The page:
Carol Brzozowski 2015-07-22 13:50:10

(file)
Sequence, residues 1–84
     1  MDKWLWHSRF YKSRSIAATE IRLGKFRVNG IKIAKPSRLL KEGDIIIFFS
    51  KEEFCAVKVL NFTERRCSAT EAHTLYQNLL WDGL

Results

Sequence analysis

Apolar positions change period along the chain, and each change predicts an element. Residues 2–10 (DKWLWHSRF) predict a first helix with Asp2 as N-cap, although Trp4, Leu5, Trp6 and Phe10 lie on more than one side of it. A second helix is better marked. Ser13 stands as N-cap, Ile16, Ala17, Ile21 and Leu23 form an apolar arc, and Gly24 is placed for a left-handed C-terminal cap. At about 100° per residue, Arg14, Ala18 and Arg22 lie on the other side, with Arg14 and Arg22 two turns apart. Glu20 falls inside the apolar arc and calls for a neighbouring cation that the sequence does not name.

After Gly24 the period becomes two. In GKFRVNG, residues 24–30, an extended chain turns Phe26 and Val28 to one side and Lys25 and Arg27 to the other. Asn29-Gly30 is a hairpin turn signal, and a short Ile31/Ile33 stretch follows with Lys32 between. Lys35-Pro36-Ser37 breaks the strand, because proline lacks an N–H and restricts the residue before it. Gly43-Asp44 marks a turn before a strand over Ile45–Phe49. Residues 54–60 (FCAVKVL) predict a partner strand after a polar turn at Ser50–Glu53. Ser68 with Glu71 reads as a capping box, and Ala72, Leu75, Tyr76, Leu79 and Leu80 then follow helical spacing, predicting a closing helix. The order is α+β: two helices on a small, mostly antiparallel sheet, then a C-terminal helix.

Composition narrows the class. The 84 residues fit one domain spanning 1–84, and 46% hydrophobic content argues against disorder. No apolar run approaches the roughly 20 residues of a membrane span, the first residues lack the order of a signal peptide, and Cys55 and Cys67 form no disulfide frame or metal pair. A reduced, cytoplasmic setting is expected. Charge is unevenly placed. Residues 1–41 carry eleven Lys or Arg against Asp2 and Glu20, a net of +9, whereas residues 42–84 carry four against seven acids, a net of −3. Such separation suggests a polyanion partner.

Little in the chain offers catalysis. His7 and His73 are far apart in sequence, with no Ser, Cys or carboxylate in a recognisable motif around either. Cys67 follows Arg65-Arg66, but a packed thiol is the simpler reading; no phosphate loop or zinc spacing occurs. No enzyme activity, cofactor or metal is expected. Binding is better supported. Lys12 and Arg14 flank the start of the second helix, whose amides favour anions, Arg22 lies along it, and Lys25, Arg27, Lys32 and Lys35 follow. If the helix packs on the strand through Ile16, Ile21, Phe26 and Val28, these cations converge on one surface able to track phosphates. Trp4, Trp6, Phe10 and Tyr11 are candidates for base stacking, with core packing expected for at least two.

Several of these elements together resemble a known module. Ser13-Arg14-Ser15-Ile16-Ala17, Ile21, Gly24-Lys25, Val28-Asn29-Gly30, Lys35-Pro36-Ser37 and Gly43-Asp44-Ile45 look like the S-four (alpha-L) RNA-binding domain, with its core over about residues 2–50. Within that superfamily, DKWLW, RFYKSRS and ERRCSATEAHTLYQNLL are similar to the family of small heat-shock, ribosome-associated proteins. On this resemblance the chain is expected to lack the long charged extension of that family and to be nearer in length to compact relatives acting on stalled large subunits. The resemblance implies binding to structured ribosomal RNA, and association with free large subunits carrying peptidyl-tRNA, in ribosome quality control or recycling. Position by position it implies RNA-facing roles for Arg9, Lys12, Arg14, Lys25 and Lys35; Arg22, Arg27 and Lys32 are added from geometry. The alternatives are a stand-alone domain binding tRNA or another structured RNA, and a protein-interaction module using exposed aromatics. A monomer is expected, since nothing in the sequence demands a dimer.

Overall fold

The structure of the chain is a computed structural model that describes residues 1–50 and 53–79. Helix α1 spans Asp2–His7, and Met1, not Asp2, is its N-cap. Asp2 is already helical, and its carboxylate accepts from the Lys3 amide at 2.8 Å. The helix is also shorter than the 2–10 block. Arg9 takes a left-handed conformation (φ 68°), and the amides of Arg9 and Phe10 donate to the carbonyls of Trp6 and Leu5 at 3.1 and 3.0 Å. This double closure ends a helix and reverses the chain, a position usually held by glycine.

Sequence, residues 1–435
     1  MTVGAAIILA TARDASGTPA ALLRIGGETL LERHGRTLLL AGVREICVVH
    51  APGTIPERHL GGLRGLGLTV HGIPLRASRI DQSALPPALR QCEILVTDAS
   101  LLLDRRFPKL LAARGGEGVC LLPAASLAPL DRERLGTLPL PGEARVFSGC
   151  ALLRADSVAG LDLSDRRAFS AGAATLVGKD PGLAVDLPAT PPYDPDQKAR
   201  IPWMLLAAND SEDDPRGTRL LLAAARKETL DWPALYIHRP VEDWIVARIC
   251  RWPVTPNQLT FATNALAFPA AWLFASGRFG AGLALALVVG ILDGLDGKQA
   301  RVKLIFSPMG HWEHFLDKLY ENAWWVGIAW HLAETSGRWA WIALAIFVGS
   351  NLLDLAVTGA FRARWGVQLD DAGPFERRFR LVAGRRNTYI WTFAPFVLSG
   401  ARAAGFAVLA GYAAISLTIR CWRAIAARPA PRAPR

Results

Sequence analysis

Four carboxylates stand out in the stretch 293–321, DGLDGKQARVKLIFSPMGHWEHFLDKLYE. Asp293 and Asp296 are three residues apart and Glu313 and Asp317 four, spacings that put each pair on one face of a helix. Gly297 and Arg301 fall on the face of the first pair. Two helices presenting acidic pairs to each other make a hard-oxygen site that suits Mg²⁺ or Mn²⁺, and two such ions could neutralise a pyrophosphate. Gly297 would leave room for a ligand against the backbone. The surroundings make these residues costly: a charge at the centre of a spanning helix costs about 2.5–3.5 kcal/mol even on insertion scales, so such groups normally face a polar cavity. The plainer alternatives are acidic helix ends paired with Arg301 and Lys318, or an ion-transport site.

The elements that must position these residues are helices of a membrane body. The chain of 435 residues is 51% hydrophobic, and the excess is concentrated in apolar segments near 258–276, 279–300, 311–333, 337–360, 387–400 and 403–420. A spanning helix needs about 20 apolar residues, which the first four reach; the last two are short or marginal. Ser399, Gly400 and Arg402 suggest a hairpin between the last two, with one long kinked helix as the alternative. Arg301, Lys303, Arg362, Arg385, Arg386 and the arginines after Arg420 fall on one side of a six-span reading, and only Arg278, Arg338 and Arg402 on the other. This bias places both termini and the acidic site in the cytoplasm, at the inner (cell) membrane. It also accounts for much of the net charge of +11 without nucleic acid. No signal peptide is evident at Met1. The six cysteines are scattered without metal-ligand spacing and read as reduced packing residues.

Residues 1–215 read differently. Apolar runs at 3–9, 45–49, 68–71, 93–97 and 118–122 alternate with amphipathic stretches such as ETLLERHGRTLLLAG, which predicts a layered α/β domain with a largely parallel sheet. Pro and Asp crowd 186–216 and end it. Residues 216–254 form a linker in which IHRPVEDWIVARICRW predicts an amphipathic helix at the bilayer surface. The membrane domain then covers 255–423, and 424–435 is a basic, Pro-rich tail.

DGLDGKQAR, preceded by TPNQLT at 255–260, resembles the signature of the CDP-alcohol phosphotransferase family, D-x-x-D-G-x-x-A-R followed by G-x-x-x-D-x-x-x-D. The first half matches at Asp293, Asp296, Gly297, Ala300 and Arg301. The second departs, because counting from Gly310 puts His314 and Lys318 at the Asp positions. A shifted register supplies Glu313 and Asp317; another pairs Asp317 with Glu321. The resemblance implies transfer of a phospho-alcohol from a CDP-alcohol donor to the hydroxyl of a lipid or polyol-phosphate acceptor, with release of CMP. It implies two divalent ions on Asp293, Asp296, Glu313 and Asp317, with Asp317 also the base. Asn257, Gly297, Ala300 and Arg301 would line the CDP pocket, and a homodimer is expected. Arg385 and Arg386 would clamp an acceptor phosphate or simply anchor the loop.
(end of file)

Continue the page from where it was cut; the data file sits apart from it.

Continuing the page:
Richard Morgan explains why Austin, TX, has been such a progressive city: “We’ve always had a strong development and construction industry, but at the same time, our citizens have had a strong environmental ethic. Finding balance between them has been difficult. One way has been to support energy efficiency and sustainability programs throughout the city.” As the green building and sustainability manager for Austin Energy Green Building (AEGB), Morgan is helping to lead the effort. “There has to be a way forward that serves development, because Austin has doubled in population about every 20 years for the last 100 years, and we’re on track to do that again,” he says. In 1990, Austin created the nation’s first green building program, which today stands as one of the most successful. Austin’s energy codes are among the most aggressive in the country, Morgan says. AEGB encourages central Texans to design and construct more sustainable residences and buildings through a homegrown building rating system based on Austin’s energy and building codes that support its climate protection goals. One to five stars are awarded to single-family, commercial, and multi-family buildings and are proudly promoted by those who attain it. AEGB is affiliated with Austin Energy, the nation’s eighth largest publicly owned electric utility. Morgan believes the driving factor for why Austin initiated the green building trend and has successfully maintained it is that the electric utility has been owned and governed by the city for more than a century. “Our customers are our owners. Our profits stay here,” he says. What He Does Day to Day Morgan oversees a staff of 26, keeps track of the budget, and is constantly in communication, collaborating with other city departments, city advisory groups, not-for-profits and private sector groups involved in energy efficiency, the construction industry, and sustainability to move the mission forward locally, regionally, and nationally. He ensures his department’s information is as accurate as possible, reporting on the city’s buildings to the city. They periodically conduct measurement verification. Morgan also is responsible for the electric vehicles and emergent technologies programs, the second of which identifies technology that impacts energy use on the customer side of the meter. What Led Him to This Line of Work In his youth, Morgan attended language schools, but dropped the idea of building a career around languages. He became a general contractor in San Francisco, where he developed an interest in affordable housing and sustainability. Moving to Austin in 1991 enabled him to pursue that interest through the Green Habitat Learning Project, a partnership of Habitat for Humanity, the American Institute for Learning, and Austin Energy Green Building. The group built Austin’s first affordable high-level green building. Morgan managed the non-profit effort for five years, which gave at-risk youth an opportunity to earn a small wage through applying construction skills they’d learned in building the homes while working on their GED. What He Likes Most About His Job That what he does has a positive impact on a city he loves and in which he’s lived for 23 years in a way that can be measured and quantified gives Morgan the greatest satisfaction. “I can tell you at the end of each year what we’ve done for the city,” he points out. “I tell everyone who works here that our work makes the city a better place to live now and for future generations. I get to work with a lot of smart, dedicated people who care a lot about the city, their work and the people they’re serving. I learn a lot from them and to a certain extent, I teach them things I’ve learned over the years.” His Biggest Challenge Building on Austin’s success with more new programs for the coming years is Morgan’s biggest challenge. “Our job and our goals get progressively harder to achieve,” he says. “We constantly have to be searching for new ways to think about green building, new technologies and strategies for getting everybody in the industry focused on the highest level of sustainability and efficiency that they can achieve.” Carol Brzozowski writes on the topics of technology and industry.
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